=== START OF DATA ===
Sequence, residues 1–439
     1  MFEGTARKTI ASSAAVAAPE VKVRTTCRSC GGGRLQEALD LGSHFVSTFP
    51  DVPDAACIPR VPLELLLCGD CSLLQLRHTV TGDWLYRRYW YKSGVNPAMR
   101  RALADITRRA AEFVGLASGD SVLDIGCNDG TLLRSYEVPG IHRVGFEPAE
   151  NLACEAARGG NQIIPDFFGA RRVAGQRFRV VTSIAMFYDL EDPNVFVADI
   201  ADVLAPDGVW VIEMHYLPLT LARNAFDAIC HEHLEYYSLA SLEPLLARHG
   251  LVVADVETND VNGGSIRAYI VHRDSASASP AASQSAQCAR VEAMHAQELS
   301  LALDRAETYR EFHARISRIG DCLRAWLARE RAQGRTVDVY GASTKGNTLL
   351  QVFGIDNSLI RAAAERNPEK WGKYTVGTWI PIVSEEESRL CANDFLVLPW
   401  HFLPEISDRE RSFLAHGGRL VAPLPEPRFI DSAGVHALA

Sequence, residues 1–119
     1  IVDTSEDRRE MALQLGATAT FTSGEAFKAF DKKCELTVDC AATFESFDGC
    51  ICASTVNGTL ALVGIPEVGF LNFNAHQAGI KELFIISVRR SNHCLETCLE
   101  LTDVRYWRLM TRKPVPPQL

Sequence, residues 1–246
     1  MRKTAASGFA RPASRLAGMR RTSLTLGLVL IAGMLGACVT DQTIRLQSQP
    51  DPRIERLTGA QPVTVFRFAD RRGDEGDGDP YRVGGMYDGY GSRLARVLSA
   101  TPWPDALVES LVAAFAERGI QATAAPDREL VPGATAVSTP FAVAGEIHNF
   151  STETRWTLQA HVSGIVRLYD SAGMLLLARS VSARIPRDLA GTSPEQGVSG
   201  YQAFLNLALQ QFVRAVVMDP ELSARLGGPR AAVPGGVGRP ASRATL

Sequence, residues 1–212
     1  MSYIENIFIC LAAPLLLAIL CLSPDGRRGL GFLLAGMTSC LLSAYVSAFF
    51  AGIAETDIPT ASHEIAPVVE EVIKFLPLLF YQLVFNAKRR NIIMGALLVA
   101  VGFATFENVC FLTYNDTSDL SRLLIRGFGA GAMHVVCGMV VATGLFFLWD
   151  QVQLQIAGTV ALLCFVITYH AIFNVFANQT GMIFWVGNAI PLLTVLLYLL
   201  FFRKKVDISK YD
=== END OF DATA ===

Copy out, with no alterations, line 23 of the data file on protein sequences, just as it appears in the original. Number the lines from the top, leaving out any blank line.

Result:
    51  AGIAETDIPT ASHEIAPVVE EVIKFLPLLF YQLVFNAKRR NIIMGALLVA